How Israeli Militarism Is Driving a Wedge Between American Progressives and the Jewish State
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Congress, suspicious of the Muslim Brotherhood movement from which Morsi hails, has been determined to press hard on the Egyptian president. The attitude echoes congressional hostility to the Palestinian choice of Hamas in their last elections in 2006. But Obama encouraged Morsi to cut the deal, and the cease-fire, which reflected terms that were surprisingly favorable for Hamas, apparently had Obama’s blessing. Obama must also have been aware that this was going to elevate Morsi’s status in diplomatic circles to a significant degree. Whether Obama also knew that Morsi was going to cash in on some of his newfound prestige the very next day by grabbing sweeping and supreme powers in Egypt is an open question.
But the relatively muted response that has come from Washington in response to that action suggests Obama had at least some idea, and essentially, has moved to duplicate US policy during the Mubarak era: ignore Egyptian domestic issues as long as the leader works to maintain quiet with Israel. The support US citizens have generally shown toward Egyptian aspirations for democracy doesn’t mesh well with this attitude, although the general consternation many Americans feel at the election of the Muslim Brotherhood in Egypt’s first free election has blunted a lot of that enthusiasm.
An even greater divide on Israel policy can be seen between the president and the rank and file of his own party. A CNN/ORC International poll showed that 57% of US citizens supported Israel’s action in Gaza. Again, seems like business as usual, right? Well, this calls for a deeper look.
In 2009, a similar poll was executed, but with this one going on well into Israel’s ground operation. By the time that poll had been conducted, there were many accusations against Israel of using white phosphorous and other illegal weapons, of targeting mosques and other civilian structures and firing on unarmed civilians, even in some cases where white flags were being waved. In 2012, there was nothing like that in mainstream media, and far less even among less well-read sources. Not to mention the fact that by the time of the ’09 poll, there was widespread devastation and many hundreds of dead (the final toll would be 1,397 Gazans dead, more than half of them non-combatants). In 2012, some 156 Gazans were killed. That is still tragic, but obviously a far smaller number than in ’09. Yet the approval number ticked down anyway.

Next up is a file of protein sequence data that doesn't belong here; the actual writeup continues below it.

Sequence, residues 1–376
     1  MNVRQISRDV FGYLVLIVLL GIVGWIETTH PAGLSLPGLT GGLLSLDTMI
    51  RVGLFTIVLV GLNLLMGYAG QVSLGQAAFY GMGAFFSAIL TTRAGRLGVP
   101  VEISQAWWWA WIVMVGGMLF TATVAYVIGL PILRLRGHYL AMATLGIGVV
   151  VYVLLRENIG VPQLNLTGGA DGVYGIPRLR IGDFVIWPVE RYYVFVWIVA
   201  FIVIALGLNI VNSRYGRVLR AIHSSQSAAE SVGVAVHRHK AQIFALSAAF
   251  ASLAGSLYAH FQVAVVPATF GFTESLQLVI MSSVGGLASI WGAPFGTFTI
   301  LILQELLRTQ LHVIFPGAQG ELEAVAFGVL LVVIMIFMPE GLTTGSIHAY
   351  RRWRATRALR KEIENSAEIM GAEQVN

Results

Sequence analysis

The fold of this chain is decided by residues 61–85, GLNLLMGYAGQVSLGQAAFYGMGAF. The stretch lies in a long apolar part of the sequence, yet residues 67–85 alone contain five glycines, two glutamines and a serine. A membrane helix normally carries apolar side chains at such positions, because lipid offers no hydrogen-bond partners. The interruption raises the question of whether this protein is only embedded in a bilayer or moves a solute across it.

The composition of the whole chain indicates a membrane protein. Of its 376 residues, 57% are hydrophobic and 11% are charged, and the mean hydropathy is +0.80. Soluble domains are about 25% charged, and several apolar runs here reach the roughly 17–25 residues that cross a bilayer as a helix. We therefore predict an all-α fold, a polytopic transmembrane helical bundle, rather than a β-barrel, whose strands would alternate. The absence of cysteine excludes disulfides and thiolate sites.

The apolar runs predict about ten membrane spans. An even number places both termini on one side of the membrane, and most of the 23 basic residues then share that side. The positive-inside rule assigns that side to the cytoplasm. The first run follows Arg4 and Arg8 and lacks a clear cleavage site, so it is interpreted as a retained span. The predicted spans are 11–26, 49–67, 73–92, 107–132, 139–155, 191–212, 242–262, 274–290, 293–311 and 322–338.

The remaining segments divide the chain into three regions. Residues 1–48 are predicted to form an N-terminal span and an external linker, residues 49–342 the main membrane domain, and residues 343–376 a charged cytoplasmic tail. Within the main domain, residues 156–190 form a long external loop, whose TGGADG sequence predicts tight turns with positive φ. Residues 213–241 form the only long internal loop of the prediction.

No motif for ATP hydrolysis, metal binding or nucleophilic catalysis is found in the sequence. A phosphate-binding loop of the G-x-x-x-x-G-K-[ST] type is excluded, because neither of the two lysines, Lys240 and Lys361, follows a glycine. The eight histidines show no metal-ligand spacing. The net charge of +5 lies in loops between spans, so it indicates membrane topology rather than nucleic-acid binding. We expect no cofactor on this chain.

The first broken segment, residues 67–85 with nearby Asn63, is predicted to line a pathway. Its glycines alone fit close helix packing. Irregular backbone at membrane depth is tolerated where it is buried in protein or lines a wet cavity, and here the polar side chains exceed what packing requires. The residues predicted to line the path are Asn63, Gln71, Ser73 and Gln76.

There’s more in these two polls. Republican support in the two polls was virtually identical, at 75%. But in 2009, 52% of Democrats supported Israel’s actions, while this year that number went down to a mere 40%. That is a significant dip, and it doesn’t happen in isolation. It is one of many indicators that liberals around the world are losing their sympathy for Israel, and even the United States is not immune to this trend.
During the presidential election campaign, the Republicans worked hard, with the unqualified support of their partner, Benjamin Netanyahu, to abandon the long-standing bipartisanship around Israel and identify themselves as the only truly “pro-Israel” party. Obama and the Democrats responded by falling over themselves to show their support for Israel.
Democratic elected officials are thus demonstrating that, when it comes to Israel, they are distinctly different from their constituents. This dynamic was on full display this past summer, at the Democratic National Convention.
At the convention, the Democrats’ leadership went into a panic at the media reaction to the Israel plank in their platform, which did not include a statement affirming Jerusalem as Israel’s “eternal, undivided capital.” The omission was not accidental, but was an attempt to square the party’s platform with the Obama administration’s own policy, the same policy which has been held by every US administration of both parties since Lyndon Johnson. That policy regards East Jerusalem, the part which had been captured by Israel in the 1967 war, as a matter of dispute to be dealt with as part of a final peace agreement. Presidential candidates, again from both parties, frequently say that they support Jerusalem being Israel’s undivided capital, and party platforms often have included this. But no administration has ever actually made it part of their policy.